The gate is open, so I cross Hwy 89. About a few hundred yards, I use the “trees”, and then continue on. In another few hundred yards, the park becomes more formalized, complete with a public restroom for the campgrounds. This, i learn later, is Big Meadow Park. The road is pleasant, the rises not too challenging, a few cars now and again, and toward the exit at the top, I see a man/woman couple of mountain bikers studying the park map. We share greetings (I say “hey, i guess i’m not the only crazy person out here today” and the guy responds, “yeah, way to nice a day not to be out”). I can see the trailhead for a mountain bike trail just to the left of the park map they are studying. I learn later from Ben this is the beginning of the famous “Mr. Toad’s Wild Ride”, one of the classic single-track (??) trails in the area. For me, the paved road I’m on goes a few more yards before making a sharp left uphill and ramps up to the highway. 89!! Luther Pass – Yes! Completely on track.

It has been really helpful overall to have reviewed the course on the map on Ben’s computer.

Luther Pass is a wonderfully fun descent, my only minor complaint being that there are a lot of horizontal cracks in the pavement where the shoulder gutters have been lain in concrete. At the bottom, I stop for a moment to take some pictures and relish the views of the mountains behind the meadows and the stream carving through the meadows on either side of the roadway under the bridge. Then i’m off onto Hwy 88, one of my favorite stretches of road ever from previous car and/or motorcycle trips into Hope Valley and Carson Valley, both visible in the distance. I pass Sorensen’s and see the gas, food, lodging signs indicating Woodfords up ahead a few more miles. Ben has given me strict instructions to fill my bottles at Sorensen’s or Woodfords because that’s the last opportunity for refills before Kingsbury Grade.

The sign indicates “Woodfords on left” or “Woodfords straight”. The intersection also indicates Hwy 4/88 to the right. I see a collection of buildings on the right and think that is the town of Woodfords, but when I turn into the gravel road just around the corner past the Hwy 4/88 turnoff, I also realize that those buildings are just private property “do not enter”, “private – Keep out”. Alrighty then! Back out the gravel and onto Hwy 4/88, up to the intersection and then I see the dark green Woodfords Market up on the little rise ahead and a bit to the left, and the small access road just past it with a sharp left turn uphill. I luck out with no traffic to make the crossing. In front of the building, one of my cleat covers is confounding me, or maybe i’m just starting to cook with the heat of the day. I finally get the left one on straight and wheel my bike up the ramp to the store. Inside, the deli/Market is invitingly cool and spacious. A few racks of supplies, chips, crackers, cookies, nuts, two double-door commercial refrigerators with drinks, and a freezer with ice cream bars. The other 1/2 of the store is a large open area with a few tables for eating, and a sandwich counter with stools for “dining in”. The sandwich selection is basic and very reasonable. $3.50 for a 1/2 sandwich, $5.99 for a whole one. Comes with your choice of condiments, a pickle slice, and chips. I normally feel bloated if I try to ride after a whole sandwich, so I order a 1/2. Wheat bread (which turns out to be a dark wheat roll, even better!), turkey, ham, provolone & swiss. Mustard, no mayo. The 13-year-old girl behind the counter makes my sandwich. The atmosphere in the store is congenial and friendly. There is conversation between the cashier and a customer about some remodeling that’s going to happen; basically, they are just trying to stay afloat. In my opinion, one of the hidden gems. Hard to survive, and it’s just tucked away enough that if you don’t know it’s there, you’re not going to go. My hunches are further confirmed when I try to send a txt msg to Ben to let him know i’ve decided to have a much needed refuel lunch before the next stage of my ride, especially seeing as how it’s now Noon. The message will not send. No wireless in these here parts. Hmmmm, maybe in this modern world, they just need to be “liked”! I see that the website says “your gateway for fun in the Sierra” and indeed, they are the happenin’ place each year for the doins of the Alta Alpina. I am also unclear, as I ride up to the store, that the Inn and Market are in Markeeville… for some reason, my temporary insanity has made me think that Woodfords is a town (uh uh!).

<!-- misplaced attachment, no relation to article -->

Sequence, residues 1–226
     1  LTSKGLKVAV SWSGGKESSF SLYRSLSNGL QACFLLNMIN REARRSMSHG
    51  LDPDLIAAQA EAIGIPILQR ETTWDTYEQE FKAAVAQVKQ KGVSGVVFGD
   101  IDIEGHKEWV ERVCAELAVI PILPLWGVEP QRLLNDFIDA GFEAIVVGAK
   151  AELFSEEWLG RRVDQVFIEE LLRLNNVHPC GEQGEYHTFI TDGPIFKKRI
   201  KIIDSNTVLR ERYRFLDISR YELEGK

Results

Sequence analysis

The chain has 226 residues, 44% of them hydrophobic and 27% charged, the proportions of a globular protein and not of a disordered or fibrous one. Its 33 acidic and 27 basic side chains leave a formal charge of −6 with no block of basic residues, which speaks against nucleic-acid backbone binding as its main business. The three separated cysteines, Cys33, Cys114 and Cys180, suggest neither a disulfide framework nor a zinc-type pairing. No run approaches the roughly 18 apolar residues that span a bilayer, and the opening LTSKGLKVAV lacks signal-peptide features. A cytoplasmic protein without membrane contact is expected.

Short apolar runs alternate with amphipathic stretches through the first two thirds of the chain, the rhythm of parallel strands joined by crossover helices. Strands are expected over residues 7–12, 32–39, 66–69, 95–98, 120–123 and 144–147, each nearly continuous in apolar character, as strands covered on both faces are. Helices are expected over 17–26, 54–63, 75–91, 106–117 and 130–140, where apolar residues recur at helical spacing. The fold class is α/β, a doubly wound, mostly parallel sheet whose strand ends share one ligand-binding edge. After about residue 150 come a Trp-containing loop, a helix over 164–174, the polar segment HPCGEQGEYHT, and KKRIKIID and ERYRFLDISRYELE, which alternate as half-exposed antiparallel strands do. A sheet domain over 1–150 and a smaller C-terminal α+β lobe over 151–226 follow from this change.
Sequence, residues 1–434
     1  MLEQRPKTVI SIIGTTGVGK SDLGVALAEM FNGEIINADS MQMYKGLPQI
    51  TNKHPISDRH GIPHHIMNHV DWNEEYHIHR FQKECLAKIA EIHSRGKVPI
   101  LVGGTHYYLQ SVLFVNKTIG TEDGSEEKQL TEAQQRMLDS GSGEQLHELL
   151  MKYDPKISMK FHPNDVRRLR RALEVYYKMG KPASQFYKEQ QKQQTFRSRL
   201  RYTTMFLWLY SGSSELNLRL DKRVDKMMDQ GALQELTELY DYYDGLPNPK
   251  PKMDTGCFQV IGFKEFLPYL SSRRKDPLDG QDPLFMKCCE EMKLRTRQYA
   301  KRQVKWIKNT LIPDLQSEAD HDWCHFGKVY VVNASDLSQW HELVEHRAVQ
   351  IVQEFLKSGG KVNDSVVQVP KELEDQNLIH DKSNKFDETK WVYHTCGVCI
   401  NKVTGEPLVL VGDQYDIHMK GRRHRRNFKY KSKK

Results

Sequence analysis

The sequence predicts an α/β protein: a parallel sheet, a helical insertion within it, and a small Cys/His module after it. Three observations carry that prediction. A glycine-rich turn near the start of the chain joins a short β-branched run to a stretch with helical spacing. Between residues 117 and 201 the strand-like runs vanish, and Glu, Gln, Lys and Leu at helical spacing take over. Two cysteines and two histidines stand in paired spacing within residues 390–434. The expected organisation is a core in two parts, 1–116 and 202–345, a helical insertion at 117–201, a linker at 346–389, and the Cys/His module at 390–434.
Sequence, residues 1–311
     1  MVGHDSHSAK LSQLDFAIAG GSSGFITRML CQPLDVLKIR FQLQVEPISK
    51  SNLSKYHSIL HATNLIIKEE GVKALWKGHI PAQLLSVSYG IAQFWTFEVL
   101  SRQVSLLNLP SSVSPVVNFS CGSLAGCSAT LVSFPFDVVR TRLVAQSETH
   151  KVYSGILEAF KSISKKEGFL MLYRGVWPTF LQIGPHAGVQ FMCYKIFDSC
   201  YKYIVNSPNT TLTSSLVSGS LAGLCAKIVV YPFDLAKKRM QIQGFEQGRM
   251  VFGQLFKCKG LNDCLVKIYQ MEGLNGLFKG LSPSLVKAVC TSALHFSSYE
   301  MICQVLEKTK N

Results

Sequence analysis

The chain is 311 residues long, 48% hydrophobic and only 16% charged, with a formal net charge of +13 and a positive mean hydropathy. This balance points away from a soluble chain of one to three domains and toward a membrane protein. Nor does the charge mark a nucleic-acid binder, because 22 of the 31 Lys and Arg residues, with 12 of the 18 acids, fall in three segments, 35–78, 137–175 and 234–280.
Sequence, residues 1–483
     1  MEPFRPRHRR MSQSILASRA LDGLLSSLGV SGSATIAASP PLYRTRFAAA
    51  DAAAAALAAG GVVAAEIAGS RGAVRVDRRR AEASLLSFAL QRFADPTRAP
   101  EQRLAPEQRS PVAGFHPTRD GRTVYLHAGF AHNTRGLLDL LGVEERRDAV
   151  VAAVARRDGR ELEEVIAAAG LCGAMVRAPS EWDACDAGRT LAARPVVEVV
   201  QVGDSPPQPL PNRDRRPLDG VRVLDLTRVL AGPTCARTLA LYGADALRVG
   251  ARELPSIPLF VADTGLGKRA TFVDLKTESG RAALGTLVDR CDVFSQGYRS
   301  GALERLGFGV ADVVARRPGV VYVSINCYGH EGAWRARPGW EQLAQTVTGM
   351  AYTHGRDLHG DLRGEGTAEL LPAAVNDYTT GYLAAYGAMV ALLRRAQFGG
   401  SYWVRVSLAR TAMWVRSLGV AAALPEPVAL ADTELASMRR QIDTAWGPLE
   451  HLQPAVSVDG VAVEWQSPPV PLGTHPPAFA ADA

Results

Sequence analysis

So, after my relaxing and refreshing lunch, i head off again, picking up Emigrant Trail a few hundred yards beyond Woodfords. A welcome and scenic diversion from Hwy 88, cleaner pavement and also slightly elevated off the valley floor, affording luscious views of the Carson Valley. Planning for the trip, i have been quite anxious about the prospect of having my bike out in the dessert for the camping portion of our vacation, but now – riding on the Emigrant Trail, I am looking forward to having my bike for more glorious Eastern Sierra rides. The high dessert air is so clean and the minty aromas of the sagebrush gives me a rested, open, satisfied feeling. Actually, so far this entire ride feels like a wonderful adventure of exploration and self-testing. I had forgotten how much I enjoy riding alone, and just heading out into parts unknown to discover some new treat around the corner.